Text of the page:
In a First for the DoD, Kubernetes Installed on U-2 Dragon Lady – Aviation Today

A U-2 Dragon Lady equipped with a U-2 Federal Lab-developed open software architecture orchestrated by Kubernetes parks on the flight line Sept. 22, 2020, at Beale Air Force Base, California.  (U.S. Air Force Photo by Airman 1st Class Luis A. Ruiz-Vazquez)

For the first time, Kubernetes, an open-source container-orchestration system for automating computer application deployment, scaling, and management, was used on an operational major weapons system in the Department of Defense (DoD). The U-2 Federal Laboratory used Kubernetes during a September U-2 Dragon Lady test flight, the Air Force confirmed in an Oct. 6 press release[1].

During the test flight, which took place at Beale Air Force Base in California, the flight computers on the U-2 were able to use Kubernetes to run advanced machine learning algorithms without any impact on the aircraft’s flight or mission systems.

“The successful combination of the U-2’s legacy computer system with the modern Kubernetes software was a critical milestone for the development of software containerization on existing Air Force weapon systems,” Nicolas Chaillan, the Air Force Chief Software Officer, said in the release.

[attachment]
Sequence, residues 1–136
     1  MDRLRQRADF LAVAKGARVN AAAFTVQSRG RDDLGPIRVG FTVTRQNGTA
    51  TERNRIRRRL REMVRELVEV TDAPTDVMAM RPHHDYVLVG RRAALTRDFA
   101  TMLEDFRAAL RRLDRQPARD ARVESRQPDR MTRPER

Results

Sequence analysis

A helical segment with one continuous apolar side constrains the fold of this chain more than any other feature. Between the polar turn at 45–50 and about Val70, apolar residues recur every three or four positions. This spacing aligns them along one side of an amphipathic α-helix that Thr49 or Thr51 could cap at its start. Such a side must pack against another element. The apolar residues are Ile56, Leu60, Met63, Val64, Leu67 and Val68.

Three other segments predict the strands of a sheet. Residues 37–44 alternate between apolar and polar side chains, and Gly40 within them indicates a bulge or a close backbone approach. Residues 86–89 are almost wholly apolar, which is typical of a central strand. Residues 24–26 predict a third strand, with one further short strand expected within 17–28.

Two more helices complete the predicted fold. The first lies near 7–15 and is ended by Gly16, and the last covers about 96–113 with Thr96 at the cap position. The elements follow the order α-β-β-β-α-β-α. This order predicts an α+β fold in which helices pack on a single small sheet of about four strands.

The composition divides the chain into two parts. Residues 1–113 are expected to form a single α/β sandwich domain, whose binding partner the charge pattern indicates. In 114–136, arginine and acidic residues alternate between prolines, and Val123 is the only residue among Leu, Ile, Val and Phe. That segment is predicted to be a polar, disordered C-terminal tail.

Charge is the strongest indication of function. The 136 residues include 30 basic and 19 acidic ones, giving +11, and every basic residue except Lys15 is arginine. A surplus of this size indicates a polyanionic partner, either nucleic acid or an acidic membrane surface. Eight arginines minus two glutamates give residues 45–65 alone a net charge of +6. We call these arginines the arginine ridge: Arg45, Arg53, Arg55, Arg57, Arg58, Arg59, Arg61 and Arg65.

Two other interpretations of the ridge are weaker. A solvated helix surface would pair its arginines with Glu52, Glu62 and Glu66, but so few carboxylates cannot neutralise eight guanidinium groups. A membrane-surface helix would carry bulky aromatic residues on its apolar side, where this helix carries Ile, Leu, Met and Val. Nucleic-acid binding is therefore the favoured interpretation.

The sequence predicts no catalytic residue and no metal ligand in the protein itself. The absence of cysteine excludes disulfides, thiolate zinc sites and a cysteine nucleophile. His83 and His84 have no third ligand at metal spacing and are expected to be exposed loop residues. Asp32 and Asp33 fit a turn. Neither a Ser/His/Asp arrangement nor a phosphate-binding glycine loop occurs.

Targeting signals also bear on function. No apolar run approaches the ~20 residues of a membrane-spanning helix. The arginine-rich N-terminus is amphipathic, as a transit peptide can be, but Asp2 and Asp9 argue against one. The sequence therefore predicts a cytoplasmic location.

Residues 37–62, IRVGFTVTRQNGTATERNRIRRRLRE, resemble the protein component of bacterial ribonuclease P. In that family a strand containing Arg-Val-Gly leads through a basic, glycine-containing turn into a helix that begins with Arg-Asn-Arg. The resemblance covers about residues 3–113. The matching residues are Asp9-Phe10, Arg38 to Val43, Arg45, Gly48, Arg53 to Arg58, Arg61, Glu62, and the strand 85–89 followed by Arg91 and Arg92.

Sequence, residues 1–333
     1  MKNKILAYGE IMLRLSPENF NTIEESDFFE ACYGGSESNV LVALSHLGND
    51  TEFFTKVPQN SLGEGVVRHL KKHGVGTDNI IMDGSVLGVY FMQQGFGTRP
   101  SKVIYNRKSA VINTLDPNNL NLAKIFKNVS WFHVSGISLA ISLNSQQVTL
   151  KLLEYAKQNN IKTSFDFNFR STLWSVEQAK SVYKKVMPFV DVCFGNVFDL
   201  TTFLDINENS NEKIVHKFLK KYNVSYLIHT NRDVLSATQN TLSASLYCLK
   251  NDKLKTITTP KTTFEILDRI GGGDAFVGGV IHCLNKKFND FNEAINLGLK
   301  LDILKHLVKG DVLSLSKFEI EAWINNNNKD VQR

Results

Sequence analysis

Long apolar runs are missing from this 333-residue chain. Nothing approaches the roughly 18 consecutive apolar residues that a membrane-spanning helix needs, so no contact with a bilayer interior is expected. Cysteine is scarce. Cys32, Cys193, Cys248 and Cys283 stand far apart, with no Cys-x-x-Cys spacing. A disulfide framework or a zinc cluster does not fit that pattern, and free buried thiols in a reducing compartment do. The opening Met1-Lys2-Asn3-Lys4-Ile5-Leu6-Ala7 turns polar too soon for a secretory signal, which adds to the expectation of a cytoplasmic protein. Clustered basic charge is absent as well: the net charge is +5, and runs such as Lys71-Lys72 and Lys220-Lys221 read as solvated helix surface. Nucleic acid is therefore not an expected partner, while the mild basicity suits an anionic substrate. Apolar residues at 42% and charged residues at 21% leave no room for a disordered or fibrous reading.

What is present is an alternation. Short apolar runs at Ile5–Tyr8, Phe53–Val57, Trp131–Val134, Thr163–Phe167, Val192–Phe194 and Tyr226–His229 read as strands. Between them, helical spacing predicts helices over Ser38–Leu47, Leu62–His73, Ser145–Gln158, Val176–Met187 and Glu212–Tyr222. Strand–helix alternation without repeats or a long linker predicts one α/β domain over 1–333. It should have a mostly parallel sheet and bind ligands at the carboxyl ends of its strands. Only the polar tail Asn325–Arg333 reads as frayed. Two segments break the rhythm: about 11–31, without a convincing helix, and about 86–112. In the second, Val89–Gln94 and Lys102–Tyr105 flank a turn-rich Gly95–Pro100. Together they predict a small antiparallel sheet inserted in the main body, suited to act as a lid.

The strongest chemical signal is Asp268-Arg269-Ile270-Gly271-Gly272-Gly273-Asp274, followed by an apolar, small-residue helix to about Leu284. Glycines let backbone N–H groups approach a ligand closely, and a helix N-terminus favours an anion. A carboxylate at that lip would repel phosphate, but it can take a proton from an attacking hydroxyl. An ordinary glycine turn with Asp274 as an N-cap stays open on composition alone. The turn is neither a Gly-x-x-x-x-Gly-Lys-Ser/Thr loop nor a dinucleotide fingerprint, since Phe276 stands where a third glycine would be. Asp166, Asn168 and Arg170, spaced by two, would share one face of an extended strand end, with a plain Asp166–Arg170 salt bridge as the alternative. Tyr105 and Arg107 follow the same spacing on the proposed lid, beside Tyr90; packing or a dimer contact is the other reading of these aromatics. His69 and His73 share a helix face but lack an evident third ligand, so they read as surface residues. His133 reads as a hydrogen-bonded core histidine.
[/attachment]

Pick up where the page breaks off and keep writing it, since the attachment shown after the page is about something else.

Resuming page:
Kubernetes, which was designed by Google and now maintained by the Cloud Native Computing Foundation, uses a container-centric management environment that powers computing, networking, and storage. It also allows for the deployment of complex microservice-based applications with complete automation, according to the Air Force.

The U-2 Federal Laboratory promotes “edge development,” developing new software integration on operational systems in a bounded, safe environment, and brings vertical integration to the aircraft bringing together the warfighter, developer, and acquirer. It is a 15 U.S.C. compliant organization and is approved by the National Institute of Standards and Technology (NIST) to establish the 20th Laboratory Accreditation Program in the federal government.

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